This summer, a wine tasting made me change my philosophy of teaching.

You might assume that drinking wine actually clouded my thinking. But this epiphany about how my students need to learn happened before I even took a sip.

I began teaching in New York City 13 years ago as a second career, and I pride myself on the variety of strategies I employ in my classroom. As an eighth-grade algebra teacher, I’ve tried three-act math lessons, Socratic seminars, numerous hands-on activities, and — most dramatically — a flipped classroom, in which students learned new material at home and then practiced those concepts in class.

I later switched to high school physics, where I continued the flipped classroom model, creating informational videos for my students to watch as homework. In class, we would do a 10-minute summary of the video, I would model some questions, and the students would do a combination of individual and group work to practice the new material. Once a week, the students did a lab where they were able to collect data and analyze what they found. It seemed to work, and for a while I stuck with it, comfortable in my routine.

Yet every couple of professional development sessions, I would encounter someone touting discovery learning. Instead of simply giving students the definition of constant velocity, a presenter might suggest, the teacher could distribute battery-operated cars and ask students to design an experiment demonstrating that same concept.

Discovery learning proponents believe it encourages student engagement, autonomy, and motivation, and there is some evidence of its ability to improve academic achievement. Yet it’s not so easy to adopt. Teachers would generally respond: “This sounds great, but I have a test to teach to,” or, “How can I use discovery learning and still get through the content?” Usually, I would take a couple of the discovery lessons, squeeze them into my content, and be done with it.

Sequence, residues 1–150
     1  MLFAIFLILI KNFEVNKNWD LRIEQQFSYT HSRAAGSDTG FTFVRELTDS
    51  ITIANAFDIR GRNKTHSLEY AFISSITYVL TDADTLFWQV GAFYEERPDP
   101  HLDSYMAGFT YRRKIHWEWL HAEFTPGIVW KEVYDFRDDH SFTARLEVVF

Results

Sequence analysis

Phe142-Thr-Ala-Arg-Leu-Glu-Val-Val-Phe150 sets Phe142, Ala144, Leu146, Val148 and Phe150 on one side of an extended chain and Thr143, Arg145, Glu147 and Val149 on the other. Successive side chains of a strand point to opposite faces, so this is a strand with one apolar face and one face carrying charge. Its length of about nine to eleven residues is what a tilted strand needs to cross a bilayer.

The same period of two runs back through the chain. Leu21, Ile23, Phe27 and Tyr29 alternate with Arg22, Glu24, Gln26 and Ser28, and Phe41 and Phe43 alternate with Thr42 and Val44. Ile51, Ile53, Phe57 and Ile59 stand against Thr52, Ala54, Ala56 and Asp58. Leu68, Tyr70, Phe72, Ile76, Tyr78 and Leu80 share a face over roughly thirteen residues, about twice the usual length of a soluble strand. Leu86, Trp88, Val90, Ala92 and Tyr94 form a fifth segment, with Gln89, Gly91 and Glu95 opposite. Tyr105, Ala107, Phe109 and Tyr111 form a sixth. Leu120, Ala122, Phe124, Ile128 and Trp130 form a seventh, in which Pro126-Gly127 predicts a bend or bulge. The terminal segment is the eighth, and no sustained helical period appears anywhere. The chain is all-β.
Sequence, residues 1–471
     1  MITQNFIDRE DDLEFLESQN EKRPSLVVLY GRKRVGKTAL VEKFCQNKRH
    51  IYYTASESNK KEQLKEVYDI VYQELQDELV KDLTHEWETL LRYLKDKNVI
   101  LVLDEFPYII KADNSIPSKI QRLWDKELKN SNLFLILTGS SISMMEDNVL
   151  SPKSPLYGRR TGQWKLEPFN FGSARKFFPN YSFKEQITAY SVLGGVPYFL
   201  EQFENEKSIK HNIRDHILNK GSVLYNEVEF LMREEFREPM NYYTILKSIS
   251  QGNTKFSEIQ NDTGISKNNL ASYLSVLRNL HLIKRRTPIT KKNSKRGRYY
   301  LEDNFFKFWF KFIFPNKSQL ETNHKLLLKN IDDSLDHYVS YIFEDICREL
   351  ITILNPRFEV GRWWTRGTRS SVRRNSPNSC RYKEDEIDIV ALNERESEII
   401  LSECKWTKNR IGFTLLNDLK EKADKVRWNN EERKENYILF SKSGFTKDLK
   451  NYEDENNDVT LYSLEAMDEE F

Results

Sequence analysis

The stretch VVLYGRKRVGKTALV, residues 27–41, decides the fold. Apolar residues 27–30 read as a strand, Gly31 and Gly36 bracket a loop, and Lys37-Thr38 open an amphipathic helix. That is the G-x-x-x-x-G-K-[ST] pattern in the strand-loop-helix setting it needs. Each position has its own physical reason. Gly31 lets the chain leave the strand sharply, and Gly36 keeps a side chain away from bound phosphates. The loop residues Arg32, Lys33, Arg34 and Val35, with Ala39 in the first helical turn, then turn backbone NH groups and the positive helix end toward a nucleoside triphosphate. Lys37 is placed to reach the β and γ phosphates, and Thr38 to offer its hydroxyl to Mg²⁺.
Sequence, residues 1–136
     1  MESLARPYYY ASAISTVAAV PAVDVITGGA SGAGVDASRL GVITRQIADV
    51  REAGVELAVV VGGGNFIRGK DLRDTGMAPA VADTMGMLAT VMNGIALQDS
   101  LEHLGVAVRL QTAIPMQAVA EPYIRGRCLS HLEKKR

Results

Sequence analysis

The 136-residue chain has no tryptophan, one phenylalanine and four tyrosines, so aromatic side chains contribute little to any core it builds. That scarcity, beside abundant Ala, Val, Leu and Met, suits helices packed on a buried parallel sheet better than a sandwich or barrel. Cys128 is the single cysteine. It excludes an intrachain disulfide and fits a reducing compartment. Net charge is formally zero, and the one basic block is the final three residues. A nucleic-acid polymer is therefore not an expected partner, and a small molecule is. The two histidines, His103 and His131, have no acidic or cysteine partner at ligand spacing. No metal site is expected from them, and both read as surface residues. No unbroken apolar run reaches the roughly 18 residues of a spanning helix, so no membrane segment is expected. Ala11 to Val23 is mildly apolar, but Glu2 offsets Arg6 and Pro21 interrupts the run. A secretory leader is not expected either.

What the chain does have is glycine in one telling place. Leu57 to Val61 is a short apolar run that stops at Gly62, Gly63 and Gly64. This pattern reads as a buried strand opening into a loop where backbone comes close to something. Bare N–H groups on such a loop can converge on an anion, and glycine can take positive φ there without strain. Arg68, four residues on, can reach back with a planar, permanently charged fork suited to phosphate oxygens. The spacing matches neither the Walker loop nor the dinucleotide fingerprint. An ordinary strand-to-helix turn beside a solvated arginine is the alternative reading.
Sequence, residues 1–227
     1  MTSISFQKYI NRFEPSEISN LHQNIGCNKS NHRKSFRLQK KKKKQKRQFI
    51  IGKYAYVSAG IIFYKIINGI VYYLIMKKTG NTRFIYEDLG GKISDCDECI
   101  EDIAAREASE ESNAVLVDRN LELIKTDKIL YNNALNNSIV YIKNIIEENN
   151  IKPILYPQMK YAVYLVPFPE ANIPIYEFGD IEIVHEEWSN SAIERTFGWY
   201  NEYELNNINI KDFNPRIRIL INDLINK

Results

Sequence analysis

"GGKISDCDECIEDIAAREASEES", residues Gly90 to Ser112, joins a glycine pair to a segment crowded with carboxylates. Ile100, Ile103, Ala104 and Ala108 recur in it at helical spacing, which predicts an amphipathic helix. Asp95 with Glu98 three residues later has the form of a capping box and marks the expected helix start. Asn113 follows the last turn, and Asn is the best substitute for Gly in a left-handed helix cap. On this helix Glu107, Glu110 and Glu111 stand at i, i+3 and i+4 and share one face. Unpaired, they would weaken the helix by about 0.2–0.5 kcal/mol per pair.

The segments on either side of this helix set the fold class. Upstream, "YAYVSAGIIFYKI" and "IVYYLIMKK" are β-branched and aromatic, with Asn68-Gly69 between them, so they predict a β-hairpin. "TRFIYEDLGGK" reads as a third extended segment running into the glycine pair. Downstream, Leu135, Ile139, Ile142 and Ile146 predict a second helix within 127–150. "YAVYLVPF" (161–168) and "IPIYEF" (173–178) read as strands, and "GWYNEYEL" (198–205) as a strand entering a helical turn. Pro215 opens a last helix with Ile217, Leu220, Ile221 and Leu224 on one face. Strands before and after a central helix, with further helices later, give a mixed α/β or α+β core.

A primary reason for my reluctance was that I loved the flipped classroom model. It allowed students to absorb information at their own pace, giving them all the information they needed to understand the concept. With discovery learning, students would need to do some inquiry on their own before I became involved. I’d need to make sure that students who thrived in a more structured learning process weren’t left out in the cold.

I wasn’t sure if I would make the switch — and then I went to that wine tasting.

I sat with five empty glasses in front of me as the instructor spoke about wine — its clarity, color, smoothness, and a variety of other characteristics. Several people responded to his questions. Meanwhile, I sat there thinking:

  1. I have no idea what he is saying.
  2. I am so much dumber than the other people here.
  3. When do I get to drink the wine?

And then I realized that I needed to get on board with discovery learning. How many of my students were thinking these same things in class? Just as I needed to actually try the wine myself — rather than hearing about it from an instructor — I had to let my students experience physics. They would gain a deeper understanding because of it.

I have spent the last month of summer revamping my curriculum, and I came up with a plan that I think will provide a balance of both discovery learning and the flipped classroom model. Each day in class, my students will experience physics with hands-on discovery learning. For homework, they’ll be treated to a short video of me recapping the key points from the lesson, modeling problems, and sometimes overhearing my dogs barking. Then, they will have a couple of questions to work out on their own. The next day, we’ll go over the homework and begin again.

I am looking forward to diving in this year. I am optimistic that my students will find a greater love of physics when they have an opportunity to take a taste. Fingers crossed that it will go down as smoothly as a good bottle of wine.

Robin Norwich is a physics teacher at Bayside High School in Queens. She is National Board certified and has been a master teacher with Math for America for the past six years.

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